Tag Archive: irrigation


Farming for over 30 years in Shoreham, Will and Judy Stevens have noticed climate changes at their organic farm – Golden Russet Farm.  From 1985 to 1995, Will recalls having a number of late frosts in May and that the first frost date typically occurred in early September. However, in the last 20 years, there’ve been only two years where the frost date has been as early as that, with the typical frost date extending to October.

Our growing season is longer and we have more frost-free days; we’ve had years where we’ve had no May frosts and more notably the fall has gotten longer.

In addition to the changes in frost dates, Golden Russet Farm has experienced both extreme storm events, as well as excessively wet growing seasons. 2011 was a persistently wet year, starting in spring and culminating with Tropical Storm Irene in August. Golden Russet Farm was in the red that year with a $34K loss. Much of the crop loss was due to soil saturation, not event flooding per se. The farm’s soils are a layer of loam on top of a layer of clay of varying thickness (2 to14 inches), which inhibits drainage from the root zone. Learning from 2011, Will says,

I’ll take a dry year over a wet year any day. It’s easier to manage dry conditions with irrigation than to be at the mercy of heavy rain events. We’ve noticed over the years that almost every rain event is a violent event. We used to get gentle rain. Now it’s thunderstorms and violent events. With 2.5 inches of rain in an hour, we needed to get rid of the surface water as we didn’t want standing water.

In 2012, working with their existing equipment (a three-bottom moldboard plow), the Stevens built up raised beds by alternating plow passes with 12 inch dead furrows. This roughly formed 36 inch wide ‘beds’. Going to this type of raised bed did add some complications. After soil smoothing and mulching, the Stevens ended up with a final bed width of 30 inches, but this width was too narrow for the transplanter and cultivators as they risked sliding off the beds.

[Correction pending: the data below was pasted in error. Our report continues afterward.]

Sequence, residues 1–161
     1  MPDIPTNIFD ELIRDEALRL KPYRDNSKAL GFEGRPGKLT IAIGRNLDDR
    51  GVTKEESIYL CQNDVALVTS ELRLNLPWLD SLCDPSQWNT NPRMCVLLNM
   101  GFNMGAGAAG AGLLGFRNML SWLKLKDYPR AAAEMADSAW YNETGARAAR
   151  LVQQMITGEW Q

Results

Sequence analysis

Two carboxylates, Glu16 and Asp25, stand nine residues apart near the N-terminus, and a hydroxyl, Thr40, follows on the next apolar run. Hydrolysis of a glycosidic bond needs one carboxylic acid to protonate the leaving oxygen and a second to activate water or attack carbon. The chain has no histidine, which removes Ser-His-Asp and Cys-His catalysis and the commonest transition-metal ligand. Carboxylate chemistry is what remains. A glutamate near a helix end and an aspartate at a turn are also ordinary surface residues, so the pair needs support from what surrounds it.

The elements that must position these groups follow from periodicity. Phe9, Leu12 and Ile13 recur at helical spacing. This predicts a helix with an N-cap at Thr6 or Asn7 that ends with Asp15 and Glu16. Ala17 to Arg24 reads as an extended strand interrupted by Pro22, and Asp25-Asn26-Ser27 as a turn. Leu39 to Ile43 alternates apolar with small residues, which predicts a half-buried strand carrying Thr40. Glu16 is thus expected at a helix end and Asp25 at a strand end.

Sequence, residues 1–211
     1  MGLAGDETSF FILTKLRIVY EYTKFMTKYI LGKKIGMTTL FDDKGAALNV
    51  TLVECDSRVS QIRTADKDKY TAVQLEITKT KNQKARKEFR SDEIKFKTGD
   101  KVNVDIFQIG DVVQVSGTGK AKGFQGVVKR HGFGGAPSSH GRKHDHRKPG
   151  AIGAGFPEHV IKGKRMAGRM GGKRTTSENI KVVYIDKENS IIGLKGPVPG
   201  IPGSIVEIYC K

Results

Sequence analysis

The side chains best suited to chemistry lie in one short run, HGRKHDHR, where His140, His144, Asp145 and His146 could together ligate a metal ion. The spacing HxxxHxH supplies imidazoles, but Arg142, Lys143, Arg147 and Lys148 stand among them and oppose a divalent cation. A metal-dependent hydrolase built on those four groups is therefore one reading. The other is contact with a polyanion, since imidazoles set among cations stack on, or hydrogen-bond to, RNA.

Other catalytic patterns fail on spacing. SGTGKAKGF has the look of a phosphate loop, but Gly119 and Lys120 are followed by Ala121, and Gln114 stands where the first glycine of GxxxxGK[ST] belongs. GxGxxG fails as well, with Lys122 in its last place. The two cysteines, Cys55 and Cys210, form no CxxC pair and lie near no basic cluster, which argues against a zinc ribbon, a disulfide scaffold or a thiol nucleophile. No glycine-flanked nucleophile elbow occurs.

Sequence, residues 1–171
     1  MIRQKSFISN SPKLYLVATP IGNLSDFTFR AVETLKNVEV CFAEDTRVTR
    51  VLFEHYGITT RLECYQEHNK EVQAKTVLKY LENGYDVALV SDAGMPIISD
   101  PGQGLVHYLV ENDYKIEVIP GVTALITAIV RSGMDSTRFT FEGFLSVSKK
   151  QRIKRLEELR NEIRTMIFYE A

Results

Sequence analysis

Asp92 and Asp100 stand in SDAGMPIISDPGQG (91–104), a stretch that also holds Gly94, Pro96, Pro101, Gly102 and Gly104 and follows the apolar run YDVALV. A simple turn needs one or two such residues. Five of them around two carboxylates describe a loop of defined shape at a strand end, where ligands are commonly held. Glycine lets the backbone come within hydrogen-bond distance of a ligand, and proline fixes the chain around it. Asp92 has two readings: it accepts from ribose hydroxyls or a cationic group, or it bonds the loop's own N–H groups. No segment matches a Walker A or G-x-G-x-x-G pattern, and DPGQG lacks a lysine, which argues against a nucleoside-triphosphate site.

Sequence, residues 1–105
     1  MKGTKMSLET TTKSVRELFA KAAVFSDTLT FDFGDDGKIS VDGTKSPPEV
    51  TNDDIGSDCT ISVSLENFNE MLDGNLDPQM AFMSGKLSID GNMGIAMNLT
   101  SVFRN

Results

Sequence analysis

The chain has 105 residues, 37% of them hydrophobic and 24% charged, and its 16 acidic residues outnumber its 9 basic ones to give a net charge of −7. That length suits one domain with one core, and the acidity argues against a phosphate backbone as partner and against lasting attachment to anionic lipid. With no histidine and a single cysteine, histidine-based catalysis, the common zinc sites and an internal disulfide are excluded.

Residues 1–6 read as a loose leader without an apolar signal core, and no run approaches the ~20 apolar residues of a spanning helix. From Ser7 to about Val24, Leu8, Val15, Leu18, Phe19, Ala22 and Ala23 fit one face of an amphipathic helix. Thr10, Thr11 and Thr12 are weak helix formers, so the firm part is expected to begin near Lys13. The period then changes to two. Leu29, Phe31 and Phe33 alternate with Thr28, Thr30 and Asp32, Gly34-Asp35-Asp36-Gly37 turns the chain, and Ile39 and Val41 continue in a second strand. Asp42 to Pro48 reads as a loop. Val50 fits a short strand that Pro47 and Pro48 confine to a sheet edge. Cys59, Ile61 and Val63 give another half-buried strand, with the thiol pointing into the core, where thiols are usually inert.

After several years making adjustments, the Stevens invested in a three-point hitch bed shaper in 2015, which can be pulled with their tractor to shape 34-inch beds, moving soil up from the wheel track, so that only two passes need to be made with the press pans. The 34 inch top width of the beds matches up with the cultivator and transplanter. At the same time, drip irrigation tubing is put into place as the beds are made.

Will Stevens with his bed former purchased in 2015

The Stevens started by planting carrots, lettuce, beets, and spinach in some of the raised beds, and brassicas, broccoli and corn in others. In 2016, the Stevens had 12 raised beds of tomatoes, cucumbers, melons, peppers, flowers, and 11 raised beds of garlic across their 1.5 acre field.

With the bed shaper, there’s no need to till the topsoil. In fall 2016, the Stevens bought a chisel plow with four shanks for subsoiling as their soils have a plow pan, which needs to be broken up to make the soils more friable and further improve drainage. For 2017, their plan is to increase by a third the raised bed production area so that they’ll have two acres of raised beds in 2017, and then, they’ll expand to three acres by 2018. With raised beds, Golden Russet flower sales are up 50% from 2015 to 2016.

Raised beds keep me in farming and really reduce the risk of loss, especially mitigating the losses in a bad year. If we’d had raised beds that year (2011), we’d have had fewer crops with wet feet. We lost $4000 worth of carrots, and ended with none that we could sell.”

Soil temperature changes more quickly on raised beds with greater surface area exposed to air.

Raised Bed Equipment

2015 Purchases:

Raised bed shaper              $2,700

Chisel plough -4 shanks  $2,900

Drip tape layer                    $200

These equipment purchases of $5,800 represent only 17% of the cost of the Golden Russet losses in the year of Irene, 2011. Looked at another way, this $5,800 spent in 2015 was easily recouped the next year with the $7,000 annual increase in flower sales. While Golden Russet’s overall use and related costs of irrigation are up, it’s clear that the combination of irrigation to increase yields during dry periods and raised beds to prevent losses during wet periods will result in more stable revenues over the years.

A $5800 investment in equipment for raised beds was easily recouped in one year of increased revenues.

Golden Russet’s plan to move to raised beds arose from the worst case scenario of record wetness and Tropical Storm Irene in 2011, but as Stevens says, “Even in a dry year like 2016, there’s not really a downside.”

 

 

 

 

 

This week’s scattered showers are not enough to bring relief to the sustained dry summer we’re having in Vermont. Not suprisingly, the degree to which farmers and their crops are affected depends on their access to water and their irrigation systems.

In general, Champlain Valley farmers may be faring better than their neighbors in the Pioneer Valley, Masssachusetts.  While Vermont is experiencing abnormally dry weather, much of Massachusetts is facing severe drought conditions.